We need your help – with ideas on how we can preserve and enhance College Park’s tree canopy.

Tonight, the City Council will hold a public hearing on the proposed tree ordinance. The ordinance is being proposed to address the City’s declining number of tree stock that happened over recent years.

From 2009 to 2018, City’s tree canopy has gone down from 44% to 38%. Based on the declining rate, it’s estimated that the current canopy level is at 37%. This means the City has potentially lost about 43,000 trees between 2009 and now. A small fraction of this loss, unfortunately, was caused by developments (around 2% of total loss). The utility company Pepco also contributed to this loss (around 0.5%) due to their PSC-mandated tree clearance work.

Unfortunately, a vast majority of these losses occurred in the residential neighborhood as can be seen by the tree loss map presented in the 2019 Tree Canopy Assessment report.

Inaction to address the declining loss means the loss will continue and the City may potentially lose another 24,000 trees by 2025.

As part of the City’s 2021-2025 strategic plan, the City Council has set a goal to turn this declining rate of tree stock and add instead 18,000 trees (40% canopy) by 2025. With this goal in mind, the City Council has changed City’s Tree and Landscaping Board (TLB) to come up with a proposal to preserve and enhance City’s tree canopy in the future.

Among several recommendations, the TLB has asked the City to increase the funds for the existing Tree Canopy Enhancement Program (TCEP), and create a new fund called Tree Maintenance Fund (TMF), to help residents with costs associated with tree maintenance and assessment of trees on their properties. TLB also asked to run an intensive educational campaign among residents about the importance of tree preservation and planting and to create a tree registry.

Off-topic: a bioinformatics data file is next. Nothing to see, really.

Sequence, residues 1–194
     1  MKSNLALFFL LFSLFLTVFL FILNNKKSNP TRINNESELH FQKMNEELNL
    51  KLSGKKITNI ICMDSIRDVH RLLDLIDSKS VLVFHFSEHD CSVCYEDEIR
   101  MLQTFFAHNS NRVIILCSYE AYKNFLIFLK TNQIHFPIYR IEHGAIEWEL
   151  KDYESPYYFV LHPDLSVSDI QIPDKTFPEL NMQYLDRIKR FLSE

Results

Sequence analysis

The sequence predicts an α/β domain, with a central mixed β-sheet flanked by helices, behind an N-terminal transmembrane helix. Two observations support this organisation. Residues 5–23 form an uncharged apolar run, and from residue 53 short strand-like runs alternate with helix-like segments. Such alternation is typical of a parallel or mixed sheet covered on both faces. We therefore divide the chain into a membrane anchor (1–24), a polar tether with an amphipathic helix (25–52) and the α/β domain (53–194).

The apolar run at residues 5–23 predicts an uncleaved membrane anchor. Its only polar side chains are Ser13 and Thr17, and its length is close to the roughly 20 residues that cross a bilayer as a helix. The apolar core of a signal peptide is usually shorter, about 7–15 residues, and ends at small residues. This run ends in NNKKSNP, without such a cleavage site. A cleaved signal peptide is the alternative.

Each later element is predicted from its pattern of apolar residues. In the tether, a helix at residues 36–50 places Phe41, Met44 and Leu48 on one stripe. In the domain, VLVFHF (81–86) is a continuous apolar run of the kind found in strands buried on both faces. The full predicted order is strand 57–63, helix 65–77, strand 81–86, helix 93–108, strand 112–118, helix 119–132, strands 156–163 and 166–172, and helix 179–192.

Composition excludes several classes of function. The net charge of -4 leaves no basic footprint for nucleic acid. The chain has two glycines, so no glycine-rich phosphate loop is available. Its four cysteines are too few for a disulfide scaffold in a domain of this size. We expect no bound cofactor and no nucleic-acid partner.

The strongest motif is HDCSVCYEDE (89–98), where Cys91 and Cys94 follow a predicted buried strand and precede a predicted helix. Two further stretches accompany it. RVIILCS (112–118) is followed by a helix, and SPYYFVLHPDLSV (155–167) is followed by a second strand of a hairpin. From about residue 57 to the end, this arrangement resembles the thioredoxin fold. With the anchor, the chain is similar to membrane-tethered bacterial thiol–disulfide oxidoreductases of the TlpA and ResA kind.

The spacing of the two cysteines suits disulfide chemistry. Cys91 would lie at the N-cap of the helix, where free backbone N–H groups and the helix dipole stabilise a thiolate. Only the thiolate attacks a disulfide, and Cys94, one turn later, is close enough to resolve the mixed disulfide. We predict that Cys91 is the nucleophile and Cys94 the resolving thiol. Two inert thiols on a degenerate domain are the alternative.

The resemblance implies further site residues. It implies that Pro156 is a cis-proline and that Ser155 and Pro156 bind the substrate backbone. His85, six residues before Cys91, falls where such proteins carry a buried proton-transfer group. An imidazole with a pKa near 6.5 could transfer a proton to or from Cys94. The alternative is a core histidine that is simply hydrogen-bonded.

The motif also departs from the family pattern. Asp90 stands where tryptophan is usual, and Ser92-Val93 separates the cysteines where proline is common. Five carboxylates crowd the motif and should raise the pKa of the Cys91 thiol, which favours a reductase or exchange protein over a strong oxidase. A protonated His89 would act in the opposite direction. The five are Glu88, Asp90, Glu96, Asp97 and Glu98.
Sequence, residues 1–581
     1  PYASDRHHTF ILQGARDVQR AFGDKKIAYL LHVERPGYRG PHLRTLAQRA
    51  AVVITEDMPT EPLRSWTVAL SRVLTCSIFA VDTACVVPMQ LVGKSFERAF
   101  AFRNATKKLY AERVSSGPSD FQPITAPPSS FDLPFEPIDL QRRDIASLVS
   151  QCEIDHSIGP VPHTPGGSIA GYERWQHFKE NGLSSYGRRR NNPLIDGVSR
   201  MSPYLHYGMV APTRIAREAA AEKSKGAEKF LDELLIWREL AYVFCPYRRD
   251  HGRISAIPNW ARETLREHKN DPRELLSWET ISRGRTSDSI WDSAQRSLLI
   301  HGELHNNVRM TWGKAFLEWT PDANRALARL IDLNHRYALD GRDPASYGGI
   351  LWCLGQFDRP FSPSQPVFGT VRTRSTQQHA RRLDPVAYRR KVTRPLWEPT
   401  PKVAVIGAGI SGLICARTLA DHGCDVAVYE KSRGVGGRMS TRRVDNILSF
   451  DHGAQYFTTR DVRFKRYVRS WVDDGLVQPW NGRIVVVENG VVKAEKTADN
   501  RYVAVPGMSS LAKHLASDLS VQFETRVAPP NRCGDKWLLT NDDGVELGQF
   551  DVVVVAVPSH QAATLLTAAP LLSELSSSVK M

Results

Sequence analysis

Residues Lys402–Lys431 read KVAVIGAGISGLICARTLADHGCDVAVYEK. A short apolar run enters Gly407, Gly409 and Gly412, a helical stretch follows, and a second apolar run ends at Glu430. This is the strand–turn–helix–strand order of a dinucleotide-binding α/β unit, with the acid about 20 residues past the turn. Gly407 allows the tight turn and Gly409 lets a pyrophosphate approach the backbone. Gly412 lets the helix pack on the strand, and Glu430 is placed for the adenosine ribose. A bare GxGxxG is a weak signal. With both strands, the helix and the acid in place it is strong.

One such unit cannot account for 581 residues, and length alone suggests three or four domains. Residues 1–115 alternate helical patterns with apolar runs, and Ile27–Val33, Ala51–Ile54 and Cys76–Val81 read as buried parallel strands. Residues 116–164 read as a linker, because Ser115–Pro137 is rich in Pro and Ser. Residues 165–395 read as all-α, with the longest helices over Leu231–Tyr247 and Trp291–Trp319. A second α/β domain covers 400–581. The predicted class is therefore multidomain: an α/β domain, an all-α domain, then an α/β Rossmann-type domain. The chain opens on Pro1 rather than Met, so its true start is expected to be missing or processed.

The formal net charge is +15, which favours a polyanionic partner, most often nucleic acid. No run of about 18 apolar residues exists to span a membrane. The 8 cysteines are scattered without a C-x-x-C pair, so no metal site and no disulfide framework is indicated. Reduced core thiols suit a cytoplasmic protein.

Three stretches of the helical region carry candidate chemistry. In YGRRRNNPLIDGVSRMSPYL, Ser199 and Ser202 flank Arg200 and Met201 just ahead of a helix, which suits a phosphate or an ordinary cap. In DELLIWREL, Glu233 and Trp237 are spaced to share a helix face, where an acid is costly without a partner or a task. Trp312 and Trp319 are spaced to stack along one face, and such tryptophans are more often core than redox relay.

The TLB has also recommended working with the County government to change the tree canopy-related development laws so that the developers must replant trees lost during developments and asked the City to lobby the County so that the residents can take rain check rebates for planting trees on their properties.

Additionally, the TLB studied tree ordinances in other local towns that faced similar issues with declining loss of trees and recommended a tree ordinance. This ordinance includes a proposal to include enforcement and penalties for removing trees greater than 36” in circumference (12” in diameter) or pruning more than 20% of a tree canopy without a permit. The permit program also asks to implement a tree replacement requirement for tree canopy protection policy.

The Council will hold a public hearing on this ordinance at tonight’s meeting, starting at 7:30 pm. If you cannot attend the meeting, please send your comments to the Mayor and Council at cpmc@collegeparkmd.gov before 5 pm today. The City Council will, however, will not vote on this topic tonight. Instead, we’ll have a brief discussion about the next step in the proposed ordinance.